Discussion and conclusions

We have reviewed 11 large North American wind integration studies. This review highlights a number of areas in which wind integration studies have evolved to provide valuable insight, as well as a few areas in which improvements in methods and additional research are needed to facilitate greater insight from future studies. We now summarize our observations and conclusions from this review.

17.5.1 Wind data sources

The quality of the wind data used for wind integration studies has improved sub­stantially over time. Almost all of the wind integration studies used data from meso- scale numerical weather prediction models. Early studies used models with a 10-km resolution, whereas the most recent models used 2-km spatial and 10-minute tem­poral resolution. As shown in Section 17.2, mesoscale models can produce wind speed data that underestimate variability at small time scales. However, the more recent of the two datasets reviewed (the updated EWITS [EnerNex Corporation,

2011] data) showed less evidence of this reduction than the data from the WWSIS model, although the methods used in the updated EWITS data are not documented. The decision to release the data for these two studies publically is commendable, making it possible to perform a variety of validation analyses, which should motivate further improvements in the quality of these data.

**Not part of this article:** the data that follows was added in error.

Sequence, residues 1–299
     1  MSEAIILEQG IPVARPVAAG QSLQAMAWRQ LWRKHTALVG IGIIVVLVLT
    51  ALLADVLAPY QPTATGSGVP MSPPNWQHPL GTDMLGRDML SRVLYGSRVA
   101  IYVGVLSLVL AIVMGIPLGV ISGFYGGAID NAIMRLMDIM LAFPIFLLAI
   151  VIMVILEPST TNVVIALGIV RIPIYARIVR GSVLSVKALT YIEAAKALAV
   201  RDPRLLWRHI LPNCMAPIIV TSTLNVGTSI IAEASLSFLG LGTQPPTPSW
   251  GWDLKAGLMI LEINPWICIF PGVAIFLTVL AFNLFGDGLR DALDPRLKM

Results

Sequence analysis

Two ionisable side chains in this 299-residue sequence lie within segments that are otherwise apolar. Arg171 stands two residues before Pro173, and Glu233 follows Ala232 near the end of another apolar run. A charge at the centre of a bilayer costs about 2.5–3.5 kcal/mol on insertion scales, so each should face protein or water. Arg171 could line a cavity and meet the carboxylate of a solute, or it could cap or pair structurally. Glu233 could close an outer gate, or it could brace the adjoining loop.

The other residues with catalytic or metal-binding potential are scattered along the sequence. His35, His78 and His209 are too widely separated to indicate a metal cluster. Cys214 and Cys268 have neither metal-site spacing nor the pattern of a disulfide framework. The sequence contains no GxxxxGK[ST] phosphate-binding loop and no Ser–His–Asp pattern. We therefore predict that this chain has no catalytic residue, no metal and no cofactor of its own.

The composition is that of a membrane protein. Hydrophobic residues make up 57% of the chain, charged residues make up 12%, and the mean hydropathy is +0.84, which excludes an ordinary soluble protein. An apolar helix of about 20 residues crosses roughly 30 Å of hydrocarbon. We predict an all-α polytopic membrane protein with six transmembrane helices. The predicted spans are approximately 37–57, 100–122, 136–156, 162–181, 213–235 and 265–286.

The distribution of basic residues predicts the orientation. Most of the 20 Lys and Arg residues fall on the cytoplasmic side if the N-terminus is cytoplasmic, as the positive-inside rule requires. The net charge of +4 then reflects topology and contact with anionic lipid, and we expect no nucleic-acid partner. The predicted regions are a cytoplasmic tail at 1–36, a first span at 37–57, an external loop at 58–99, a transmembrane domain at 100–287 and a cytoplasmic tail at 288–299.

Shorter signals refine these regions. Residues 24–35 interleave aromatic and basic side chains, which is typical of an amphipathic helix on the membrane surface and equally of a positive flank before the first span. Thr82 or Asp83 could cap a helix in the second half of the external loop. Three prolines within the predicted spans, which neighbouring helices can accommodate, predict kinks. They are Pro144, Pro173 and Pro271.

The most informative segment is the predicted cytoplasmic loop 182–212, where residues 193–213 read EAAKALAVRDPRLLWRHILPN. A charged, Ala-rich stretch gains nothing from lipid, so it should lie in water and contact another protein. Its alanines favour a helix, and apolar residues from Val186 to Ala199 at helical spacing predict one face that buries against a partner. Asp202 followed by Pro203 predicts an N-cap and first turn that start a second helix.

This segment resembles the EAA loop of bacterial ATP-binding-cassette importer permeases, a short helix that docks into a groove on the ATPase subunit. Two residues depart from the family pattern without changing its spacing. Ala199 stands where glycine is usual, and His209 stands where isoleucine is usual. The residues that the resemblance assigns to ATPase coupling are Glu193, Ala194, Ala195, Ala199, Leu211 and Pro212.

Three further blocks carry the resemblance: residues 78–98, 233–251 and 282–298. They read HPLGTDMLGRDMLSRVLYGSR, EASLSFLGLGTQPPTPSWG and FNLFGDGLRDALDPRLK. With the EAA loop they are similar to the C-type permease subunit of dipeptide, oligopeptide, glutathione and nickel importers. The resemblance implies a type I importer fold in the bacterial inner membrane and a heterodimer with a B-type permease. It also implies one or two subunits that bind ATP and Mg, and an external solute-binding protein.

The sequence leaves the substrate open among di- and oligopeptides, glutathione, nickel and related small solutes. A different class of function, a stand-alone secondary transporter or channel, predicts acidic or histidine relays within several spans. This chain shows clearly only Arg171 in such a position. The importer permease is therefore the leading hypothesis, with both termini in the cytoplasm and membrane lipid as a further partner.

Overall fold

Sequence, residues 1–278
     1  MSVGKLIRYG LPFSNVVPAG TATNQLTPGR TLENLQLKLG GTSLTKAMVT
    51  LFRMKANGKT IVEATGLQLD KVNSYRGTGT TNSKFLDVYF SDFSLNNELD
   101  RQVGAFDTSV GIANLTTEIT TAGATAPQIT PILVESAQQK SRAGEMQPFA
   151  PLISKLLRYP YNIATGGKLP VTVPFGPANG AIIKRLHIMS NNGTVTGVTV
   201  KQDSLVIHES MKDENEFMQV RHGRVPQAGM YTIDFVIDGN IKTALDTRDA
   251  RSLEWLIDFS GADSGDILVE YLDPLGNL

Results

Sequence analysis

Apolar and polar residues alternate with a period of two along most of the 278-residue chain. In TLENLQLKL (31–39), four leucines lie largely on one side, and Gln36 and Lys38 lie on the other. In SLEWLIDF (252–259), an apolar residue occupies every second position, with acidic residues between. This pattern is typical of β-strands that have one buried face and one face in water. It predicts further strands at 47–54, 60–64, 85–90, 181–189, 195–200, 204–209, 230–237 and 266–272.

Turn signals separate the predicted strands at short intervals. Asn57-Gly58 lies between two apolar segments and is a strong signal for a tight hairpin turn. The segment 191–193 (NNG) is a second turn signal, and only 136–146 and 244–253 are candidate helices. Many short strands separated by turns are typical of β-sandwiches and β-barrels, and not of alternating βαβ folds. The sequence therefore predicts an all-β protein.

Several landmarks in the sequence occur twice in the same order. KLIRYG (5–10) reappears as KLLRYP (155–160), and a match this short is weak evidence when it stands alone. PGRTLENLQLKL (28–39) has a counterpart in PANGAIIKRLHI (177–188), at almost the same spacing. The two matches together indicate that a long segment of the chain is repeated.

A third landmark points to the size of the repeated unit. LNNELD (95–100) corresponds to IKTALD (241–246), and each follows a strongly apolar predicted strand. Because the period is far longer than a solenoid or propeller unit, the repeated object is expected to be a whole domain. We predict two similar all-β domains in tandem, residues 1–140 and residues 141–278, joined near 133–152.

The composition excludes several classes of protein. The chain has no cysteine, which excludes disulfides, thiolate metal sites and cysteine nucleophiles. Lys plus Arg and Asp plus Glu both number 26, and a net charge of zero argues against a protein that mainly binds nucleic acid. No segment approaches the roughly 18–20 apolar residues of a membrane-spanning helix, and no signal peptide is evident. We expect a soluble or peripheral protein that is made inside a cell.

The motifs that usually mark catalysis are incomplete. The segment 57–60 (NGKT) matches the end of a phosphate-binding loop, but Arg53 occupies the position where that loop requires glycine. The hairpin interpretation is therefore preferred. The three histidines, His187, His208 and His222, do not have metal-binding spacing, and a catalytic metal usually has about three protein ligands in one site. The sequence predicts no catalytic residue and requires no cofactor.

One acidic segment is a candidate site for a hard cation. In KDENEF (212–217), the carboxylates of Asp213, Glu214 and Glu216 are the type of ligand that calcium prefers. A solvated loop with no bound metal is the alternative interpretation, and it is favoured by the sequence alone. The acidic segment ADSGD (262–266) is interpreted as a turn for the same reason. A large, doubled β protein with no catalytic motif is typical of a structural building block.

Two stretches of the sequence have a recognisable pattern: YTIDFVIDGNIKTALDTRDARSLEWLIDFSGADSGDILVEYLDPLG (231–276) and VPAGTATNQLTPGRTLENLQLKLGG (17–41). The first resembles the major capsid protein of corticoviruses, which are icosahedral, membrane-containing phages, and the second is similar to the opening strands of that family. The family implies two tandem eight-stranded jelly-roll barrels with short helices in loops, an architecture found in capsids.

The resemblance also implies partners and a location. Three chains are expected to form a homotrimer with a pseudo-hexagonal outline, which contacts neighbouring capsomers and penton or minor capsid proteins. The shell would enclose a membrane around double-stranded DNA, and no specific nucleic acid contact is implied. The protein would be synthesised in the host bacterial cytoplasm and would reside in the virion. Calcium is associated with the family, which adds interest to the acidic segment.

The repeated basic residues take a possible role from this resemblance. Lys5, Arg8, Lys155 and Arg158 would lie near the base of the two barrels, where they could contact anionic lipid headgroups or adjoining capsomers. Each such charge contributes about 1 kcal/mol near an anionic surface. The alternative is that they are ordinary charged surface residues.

Accurately translating wind speed data to statistically representative wind power output data continues to be a challenge. One of the studies (GE Energy, 2010) used a statistical technique (SCORE/SCORE-lite; Potter et al., 2008) to add addi­tional variability to 10-minute resolution power output data to compensate for the reduced variability in the mesoscale data, but there is some evidence that this process may produce data with too much rather than too little variability (Milligan et al., 2012). Several of the studies combined high-resolution data from power plants with 10-minute simulated data in order to look at faster-time-scale phenom­ena, such as regulating reserves. However, it is not possible to independently verify that the data have the correct statistical properties, since most of the methods and all of the data for this hybridization process are not public.

Finally, there is a need for more research to develop methods that reliably com­bine high-resolution measured plant data with mesoscale model data to produce hybrid data with statistical properties similar to those of actual wind plants. Some progress has been made in this area. For example, Rose and Apt (2012) introduce a method for synthesizing high-resolution data from low-resolution data, based on the spectral properties of wind power. A significant barrier to this research is the lack of publicly available wind power production data with which to validate candidate methodologies. While it is feasible to obtain proprietary data from some generators, it is difficult to publish reproducible methods using proprietary data. Making some historical, high-resolution power plant production datasets pubic would be tremendously valuable to the electricity industry.

Updated: September 23, 2015 — 6:08 am